One of my clients used the case studies I wrote to retarget people on Facebook and close more sales during a launch.
It worked. We saw about a 15% boost in sales.
But of the 6 case studies I wrote, a few weren’t approved.
The Facebook Gods smited them and said “These do not comply with our standards! Off with you!”
Because Facebook has standards when it comes to user experience but not when it comes to mining personal data. Go figure.
Anyway, in this video, Facebook expert and beard enthusiast Mike Rinard shows me where I messed up and how to make your Facebook case studies more compliant.
Some of the key takeaways:
- Don’t make financial or health claims. You can’t promise the person reading will benefit financially or improve their health. And you’ve got to be super careful in how you talk about how your case study person did. Saying things like “Angie made $5,000” will get you flagged. Instead, focus on the benefits that person got from making more money or improving their health. For example, instead of saying “She landed a $20,000 gig” say “she was booked out 3 months with work.”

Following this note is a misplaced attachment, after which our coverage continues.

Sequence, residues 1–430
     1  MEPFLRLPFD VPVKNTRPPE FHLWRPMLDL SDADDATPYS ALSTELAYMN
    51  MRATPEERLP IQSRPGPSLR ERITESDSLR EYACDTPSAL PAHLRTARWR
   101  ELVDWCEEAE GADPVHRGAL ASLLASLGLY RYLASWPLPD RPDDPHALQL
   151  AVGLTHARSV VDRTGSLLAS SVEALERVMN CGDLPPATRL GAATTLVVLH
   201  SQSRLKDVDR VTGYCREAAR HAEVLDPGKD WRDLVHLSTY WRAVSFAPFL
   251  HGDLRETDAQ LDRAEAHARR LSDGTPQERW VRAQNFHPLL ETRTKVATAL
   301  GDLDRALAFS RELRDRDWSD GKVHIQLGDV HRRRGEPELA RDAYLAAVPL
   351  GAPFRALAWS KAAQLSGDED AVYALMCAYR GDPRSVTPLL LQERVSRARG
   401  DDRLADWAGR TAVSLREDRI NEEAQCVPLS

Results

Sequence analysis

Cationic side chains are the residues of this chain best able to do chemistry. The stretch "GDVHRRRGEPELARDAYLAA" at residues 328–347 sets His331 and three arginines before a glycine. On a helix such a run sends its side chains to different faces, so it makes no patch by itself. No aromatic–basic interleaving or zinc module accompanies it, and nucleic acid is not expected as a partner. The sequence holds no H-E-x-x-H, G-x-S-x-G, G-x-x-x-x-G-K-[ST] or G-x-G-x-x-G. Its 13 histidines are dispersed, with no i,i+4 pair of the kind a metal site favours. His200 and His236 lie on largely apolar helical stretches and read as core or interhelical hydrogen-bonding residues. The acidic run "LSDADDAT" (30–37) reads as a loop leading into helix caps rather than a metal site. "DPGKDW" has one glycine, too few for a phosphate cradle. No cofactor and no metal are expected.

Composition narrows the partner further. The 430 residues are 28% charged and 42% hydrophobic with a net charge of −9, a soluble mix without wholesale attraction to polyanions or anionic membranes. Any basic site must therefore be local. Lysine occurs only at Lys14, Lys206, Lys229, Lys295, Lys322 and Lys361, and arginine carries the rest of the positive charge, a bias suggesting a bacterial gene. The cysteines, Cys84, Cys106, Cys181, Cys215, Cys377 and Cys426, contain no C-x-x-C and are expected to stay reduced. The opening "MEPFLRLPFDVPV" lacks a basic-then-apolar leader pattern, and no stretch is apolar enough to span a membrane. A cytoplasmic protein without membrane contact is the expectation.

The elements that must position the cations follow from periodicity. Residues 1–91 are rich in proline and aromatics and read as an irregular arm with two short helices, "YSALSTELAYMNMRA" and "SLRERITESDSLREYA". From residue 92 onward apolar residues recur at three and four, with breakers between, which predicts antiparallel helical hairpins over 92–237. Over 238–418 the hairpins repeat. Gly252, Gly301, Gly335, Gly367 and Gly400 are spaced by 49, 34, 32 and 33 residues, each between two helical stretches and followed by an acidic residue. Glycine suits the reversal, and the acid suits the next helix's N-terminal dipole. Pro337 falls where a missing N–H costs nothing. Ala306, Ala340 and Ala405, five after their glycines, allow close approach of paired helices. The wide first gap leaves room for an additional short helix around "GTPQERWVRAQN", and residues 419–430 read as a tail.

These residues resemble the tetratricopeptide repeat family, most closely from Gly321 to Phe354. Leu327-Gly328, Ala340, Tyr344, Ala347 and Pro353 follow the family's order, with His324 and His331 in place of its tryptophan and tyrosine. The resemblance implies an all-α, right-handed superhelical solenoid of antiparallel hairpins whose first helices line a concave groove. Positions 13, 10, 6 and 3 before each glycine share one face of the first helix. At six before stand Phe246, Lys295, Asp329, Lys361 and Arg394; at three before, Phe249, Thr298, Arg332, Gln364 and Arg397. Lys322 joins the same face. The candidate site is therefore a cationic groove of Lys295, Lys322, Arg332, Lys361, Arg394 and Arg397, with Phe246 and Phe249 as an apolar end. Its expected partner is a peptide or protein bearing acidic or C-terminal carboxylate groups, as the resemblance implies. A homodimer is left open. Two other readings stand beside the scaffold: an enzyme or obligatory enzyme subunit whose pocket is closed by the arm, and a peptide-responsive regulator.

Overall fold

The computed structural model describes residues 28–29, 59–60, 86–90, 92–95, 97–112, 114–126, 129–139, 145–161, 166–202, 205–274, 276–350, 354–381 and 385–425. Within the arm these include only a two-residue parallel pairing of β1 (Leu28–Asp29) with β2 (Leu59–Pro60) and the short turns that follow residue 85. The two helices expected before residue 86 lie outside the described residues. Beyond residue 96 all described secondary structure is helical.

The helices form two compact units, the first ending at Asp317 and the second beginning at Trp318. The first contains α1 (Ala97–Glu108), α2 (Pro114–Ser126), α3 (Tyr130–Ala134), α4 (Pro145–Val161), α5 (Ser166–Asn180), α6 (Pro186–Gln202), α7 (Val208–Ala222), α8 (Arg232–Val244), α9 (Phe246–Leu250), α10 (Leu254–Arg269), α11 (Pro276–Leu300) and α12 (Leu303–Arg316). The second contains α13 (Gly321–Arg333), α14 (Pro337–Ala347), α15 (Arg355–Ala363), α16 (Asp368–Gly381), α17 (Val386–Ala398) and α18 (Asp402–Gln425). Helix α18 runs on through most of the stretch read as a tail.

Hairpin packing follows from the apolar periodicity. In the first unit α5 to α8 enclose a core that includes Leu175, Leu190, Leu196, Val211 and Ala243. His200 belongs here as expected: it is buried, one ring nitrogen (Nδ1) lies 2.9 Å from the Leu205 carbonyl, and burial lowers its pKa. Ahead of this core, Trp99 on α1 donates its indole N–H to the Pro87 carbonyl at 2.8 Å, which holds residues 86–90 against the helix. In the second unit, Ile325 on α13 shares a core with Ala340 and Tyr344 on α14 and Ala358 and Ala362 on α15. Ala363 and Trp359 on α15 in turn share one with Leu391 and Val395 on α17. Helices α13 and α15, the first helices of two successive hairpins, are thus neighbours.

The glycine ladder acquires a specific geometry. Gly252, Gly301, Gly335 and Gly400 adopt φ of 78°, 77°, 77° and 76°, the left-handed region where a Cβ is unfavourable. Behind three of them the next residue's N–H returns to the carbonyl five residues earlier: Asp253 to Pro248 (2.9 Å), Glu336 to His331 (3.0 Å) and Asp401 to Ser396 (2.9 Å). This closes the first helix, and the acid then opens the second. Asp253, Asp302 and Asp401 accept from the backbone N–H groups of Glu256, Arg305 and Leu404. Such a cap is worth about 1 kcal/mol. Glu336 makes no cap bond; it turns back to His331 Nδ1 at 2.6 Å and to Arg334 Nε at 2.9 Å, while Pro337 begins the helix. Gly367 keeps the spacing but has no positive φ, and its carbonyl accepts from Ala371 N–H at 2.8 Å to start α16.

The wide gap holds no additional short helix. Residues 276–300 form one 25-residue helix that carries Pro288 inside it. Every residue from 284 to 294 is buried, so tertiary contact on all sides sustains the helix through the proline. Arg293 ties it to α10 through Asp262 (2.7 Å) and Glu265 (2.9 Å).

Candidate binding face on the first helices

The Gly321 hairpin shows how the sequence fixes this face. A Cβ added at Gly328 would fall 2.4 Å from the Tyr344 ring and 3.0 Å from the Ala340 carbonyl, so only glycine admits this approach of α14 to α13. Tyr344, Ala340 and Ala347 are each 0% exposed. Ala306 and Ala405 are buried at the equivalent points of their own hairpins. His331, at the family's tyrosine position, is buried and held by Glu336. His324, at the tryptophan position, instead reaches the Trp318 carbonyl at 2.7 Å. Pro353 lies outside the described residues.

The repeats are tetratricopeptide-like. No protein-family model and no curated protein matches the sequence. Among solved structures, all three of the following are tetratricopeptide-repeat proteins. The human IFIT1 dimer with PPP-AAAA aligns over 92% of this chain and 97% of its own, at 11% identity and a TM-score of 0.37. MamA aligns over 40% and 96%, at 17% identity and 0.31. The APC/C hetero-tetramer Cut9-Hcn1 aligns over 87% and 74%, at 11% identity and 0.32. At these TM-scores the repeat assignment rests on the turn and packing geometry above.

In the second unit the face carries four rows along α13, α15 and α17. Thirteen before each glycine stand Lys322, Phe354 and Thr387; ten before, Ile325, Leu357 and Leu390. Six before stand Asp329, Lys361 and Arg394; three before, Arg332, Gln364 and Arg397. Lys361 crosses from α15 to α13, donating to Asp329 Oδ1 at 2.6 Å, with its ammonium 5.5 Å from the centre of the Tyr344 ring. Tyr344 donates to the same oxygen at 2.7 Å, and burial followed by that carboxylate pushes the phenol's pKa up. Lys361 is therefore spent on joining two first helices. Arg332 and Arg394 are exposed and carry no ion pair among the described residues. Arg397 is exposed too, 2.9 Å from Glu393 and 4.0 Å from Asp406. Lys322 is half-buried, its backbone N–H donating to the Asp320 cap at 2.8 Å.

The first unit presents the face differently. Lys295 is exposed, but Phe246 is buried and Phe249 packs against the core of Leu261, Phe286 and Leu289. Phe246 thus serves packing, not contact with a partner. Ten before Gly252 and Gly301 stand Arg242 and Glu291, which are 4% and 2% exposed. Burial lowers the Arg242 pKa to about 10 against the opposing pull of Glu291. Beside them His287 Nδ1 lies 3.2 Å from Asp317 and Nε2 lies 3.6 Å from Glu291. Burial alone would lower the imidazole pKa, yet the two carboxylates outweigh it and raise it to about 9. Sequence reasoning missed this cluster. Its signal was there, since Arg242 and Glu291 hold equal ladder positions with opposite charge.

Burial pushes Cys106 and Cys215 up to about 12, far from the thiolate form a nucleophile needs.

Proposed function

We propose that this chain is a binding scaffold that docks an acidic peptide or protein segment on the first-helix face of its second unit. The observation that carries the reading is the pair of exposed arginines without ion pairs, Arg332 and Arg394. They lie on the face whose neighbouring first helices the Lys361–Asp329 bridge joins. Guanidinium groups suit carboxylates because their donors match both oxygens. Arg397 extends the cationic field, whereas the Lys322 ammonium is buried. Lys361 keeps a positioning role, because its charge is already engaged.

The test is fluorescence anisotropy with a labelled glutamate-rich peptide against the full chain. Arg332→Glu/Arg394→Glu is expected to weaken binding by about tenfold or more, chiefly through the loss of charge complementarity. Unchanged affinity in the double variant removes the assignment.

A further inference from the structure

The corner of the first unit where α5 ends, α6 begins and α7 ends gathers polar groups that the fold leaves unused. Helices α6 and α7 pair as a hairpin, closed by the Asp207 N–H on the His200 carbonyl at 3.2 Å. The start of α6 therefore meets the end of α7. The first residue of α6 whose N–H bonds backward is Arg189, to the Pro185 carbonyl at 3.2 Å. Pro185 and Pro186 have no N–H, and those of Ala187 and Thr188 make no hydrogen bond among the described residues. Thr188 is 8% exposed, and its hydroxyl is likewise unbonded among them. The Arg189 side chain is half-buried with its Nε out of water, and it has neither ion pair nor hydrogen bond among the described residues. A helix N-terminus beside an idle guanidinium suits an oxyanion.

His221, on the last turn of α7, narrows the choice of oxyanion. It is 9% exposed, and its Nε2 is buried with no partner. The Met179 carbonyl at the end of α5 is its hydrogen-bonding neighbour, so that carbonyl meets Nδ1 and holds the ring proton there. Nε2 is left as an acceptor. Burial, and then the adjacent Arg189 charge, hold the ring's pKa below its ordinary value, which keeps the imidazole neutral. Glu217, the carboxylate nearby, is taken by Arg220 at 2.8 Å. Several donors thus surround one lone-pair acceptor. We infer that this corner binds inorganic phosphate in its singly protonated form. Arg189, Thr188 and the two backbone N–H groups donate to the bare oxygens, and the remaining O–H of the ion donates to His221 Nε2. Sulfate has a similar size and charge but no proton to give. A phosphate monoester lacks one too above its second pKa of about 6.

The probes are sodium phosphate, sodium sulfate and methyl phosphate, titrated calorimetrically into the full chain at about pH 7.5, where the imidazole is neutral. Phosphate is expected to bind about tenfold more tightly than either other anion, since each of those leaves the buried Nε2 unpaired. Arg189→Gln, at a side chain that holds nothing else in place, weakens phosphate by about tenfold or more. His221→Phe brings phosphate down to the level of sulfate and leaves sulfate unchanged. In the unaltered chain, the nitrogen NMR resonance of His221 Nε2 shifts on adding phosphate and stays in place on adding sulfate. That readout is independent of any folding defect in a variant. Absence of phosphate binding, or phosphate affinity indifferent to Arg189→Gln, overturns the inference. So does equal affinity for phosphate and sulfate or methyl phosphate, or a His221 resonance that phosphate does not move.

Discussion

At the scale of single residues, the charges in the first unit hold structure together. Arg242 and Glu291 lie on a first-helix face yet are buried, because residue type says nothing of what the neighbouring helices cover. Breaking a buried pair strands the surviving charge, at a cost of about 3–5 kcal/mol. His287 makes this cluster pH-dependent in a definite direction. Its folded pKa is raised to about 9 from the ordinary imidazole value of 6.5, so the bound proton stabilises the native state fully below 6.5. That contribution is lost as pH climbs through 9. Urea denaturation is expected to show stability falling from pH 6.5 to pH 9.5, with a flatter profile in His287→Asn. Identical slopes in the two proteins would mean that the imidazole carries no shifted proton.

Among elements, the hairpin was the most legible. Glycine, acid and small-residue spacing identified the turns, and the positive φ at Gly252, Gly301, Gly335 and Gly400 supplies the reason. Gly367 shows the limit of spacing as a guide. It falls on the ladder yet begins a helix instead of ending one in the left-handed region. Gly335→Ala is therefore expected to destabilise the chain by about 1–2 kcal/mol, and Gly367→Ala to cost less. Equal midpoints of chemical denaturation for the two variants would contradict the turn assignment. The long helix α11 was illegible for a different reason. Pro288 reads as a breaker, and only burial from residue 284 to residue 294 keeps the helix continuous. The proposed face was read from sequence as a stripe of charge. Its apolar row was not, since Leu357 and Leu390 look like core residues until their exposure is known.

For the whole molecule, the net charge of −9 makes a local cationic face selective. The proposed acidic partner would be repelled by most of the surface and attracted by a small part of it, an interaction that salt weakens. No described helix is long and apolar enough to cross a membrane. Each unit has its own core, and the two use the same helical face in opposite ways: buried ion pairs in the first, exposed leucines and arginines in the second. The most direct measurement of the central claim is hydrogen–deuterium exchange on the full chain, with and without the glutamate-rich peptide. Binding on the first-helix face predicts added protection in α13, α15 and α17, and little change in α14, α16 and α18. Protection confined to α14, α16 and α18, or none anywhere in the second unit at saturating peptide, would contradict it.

- Don’t make any claim that doesn’t apply to everyone.
- Watch out for “trigger words” that the Facebook robots will find and punish you for. Stuff like “earn 6-figures”, “doubled her income”, “reached her income goal” are all income claims and will get your case study smited.
- Don’t use the word “you” plus something negative. For example, “are you tired of struggling to get clients?” Facebook wants people to feel good.
- Add a disclaimer on all case studies.
- Facebook compliance is as much as an art as it is a science. You can follow the guidelines but there’s really no way to know for sure if something will be approved or not until you send it in.